Moving out of the Bible belt, experiencing grace, opening my eyes and ears to different, Bible-based teaching – and completely falling on my butt in terms of my pathetic attempts to “be a good Christian” – all these things combined to bring me to a new place. And the circle began to close, somewhat, in this
new place – when I arrived in Powhatan. I’d begun to hear and understand hints of a richer, more authentic form of grace – a Jesus that was fuller and stronger and more complete than what I’d been taught. I’d heard it in Cleveland, at Fellowship Bible Church
. I’d heard it from Jamie Rasmussen
and Doug Flood. I’d seen it lived out in women like Sharon Rowland and Tish Lushiano and Sharon Lloyd.
I was able to taste it when I was exposed completely, broken, and forgiven freely.
The circle of grace closed around me here in Powhatan, gathered me towards a new role and responsibility at PCC, and has spun me around, safely inside its walls, only to thrust me out into a new – and yet very familiar – place. I live in this circle of grace, tethered to its center – my friend, my Lord, my savior – free to go out and work and live and be, all the while welcomed home. It is such a different thing, this living in grace. So much safer than being a “good Christian”.
What prompts all this? A post I read tonight on this blog
, one titled “What Leadership Demands”
. You see, between the faithful, patient friendship and encouragement of Brian Hughes
, the partnership of Kevin Salyer
, the kind, steadfast example of Angie Frame, the passion for the Word of Sammy Frame, the gentle spirit of Lori Wheeler, the quiet strength of Susan Hughes, the strong, steady hand of Chauncey Starkey, the unyielding can-do attitude of John Starkey, the honest, fiery indenpendence of Kim Meza and the kind, listening ear of Dennis Green, I have been held up, prayed for, pushed toward, yelled at, convicted of and loved into the sweet spot of life.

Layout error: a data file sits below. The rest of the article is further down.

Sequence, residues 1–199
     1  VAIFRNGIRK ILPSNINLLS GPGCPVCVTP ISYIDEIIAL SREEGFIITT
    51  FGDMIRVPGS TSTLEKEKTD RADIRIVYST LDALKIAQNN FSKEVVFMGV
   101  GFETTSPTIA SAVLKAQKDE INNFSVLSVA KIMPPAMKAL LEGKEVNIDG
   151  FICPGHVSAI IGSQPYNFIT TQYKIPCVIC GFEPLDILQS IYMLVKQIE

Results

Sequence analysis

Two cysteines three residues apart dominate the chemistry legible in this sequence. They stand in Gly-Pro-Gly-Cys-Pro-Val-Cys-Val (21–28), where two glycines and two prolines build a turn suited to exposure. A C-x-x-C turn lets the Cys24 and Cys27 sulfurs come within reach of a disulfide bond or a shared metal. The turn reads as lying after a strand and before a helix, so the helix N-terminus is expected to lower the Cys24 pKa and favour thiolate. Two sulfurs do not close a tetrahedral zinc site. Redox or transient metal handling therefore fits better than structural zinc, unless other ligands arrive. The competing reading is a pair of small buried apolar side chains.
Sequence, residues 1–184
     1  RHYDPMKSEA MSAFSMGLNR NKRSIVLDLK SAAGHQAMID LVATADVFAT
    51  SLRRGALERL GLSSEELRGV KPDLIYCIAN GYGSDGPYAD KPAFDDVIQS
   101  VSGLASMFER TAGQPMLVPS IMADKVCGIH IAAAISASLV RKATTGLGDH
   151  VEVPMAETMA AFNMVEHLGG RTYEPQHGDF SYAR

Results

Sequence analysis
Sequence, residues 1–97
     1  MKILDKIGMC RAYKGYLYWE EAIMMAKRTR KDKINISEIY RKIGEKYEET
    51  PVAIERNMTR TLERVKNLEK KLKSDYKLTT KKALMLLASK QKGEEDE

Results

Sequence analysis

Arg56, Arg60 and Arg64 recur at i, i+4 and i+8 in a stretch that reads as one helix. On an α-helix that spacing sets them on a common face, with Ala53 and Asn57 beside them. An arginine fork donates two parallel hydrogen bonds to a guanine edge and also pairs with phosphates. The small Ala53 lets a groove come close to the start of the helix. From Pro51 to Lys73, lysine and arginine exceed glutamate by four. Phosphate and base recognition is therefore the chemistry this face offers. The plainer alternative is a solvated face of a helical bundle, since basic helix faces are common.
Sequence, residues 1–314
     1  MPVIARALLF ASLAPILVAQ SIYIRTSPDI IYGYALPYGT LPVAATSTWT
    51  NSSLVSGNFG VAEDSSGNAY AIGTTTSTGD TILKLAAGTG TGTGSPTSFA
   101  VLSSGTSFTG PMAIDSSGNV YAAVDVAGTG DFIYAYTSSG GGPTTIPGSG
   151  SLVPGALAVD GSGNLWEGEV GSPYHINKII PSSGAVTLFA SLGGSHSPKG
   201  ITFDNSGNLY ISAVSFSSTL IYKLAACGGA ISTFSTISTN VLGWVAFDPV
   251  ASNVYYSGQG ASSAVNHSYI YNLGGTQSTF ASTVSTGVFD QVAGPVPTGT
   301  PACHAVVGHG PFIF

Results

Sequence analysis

I am a leader. God made me that way, years ago. Even now, it seems presumptuous to type those words. It frightens me, seems like I’m “getting too big for my britches”. I’m afraid somebody might hear me, and cut me back down to size.
“You’re a leader? Ha. Who do you think you are? You’re just a girl…just a piano player…just a teacher…that’s all. Who do you think you are?”
But over and over again, it comes back. I see it, I feel it, I experience it. And I have finally learned to accept it, to marry my history with my present tense. I feel that I am becoming, through the grace of God, all that He has intended me to be. He has molded the broken, battered, sometimes unwilling clay of my life into a ragged pot – but I have finally learned the joy of yielding to the pressure of his direction, rather than fighting it. For even with the purest of motives, fighting God makes you sweat. It’s exhausting and draining.
I am a leader.
And for you, for the Kingdom, for all who have invested in me and loved me and fought with me and pushed me – I want to be the very best leader I can be. I read this post
and cry, recognizing a few things, longing for others, knowing that God placed something inside of me that fits who I am with who I want to be, exactly where
I simply cannot imagine anything better.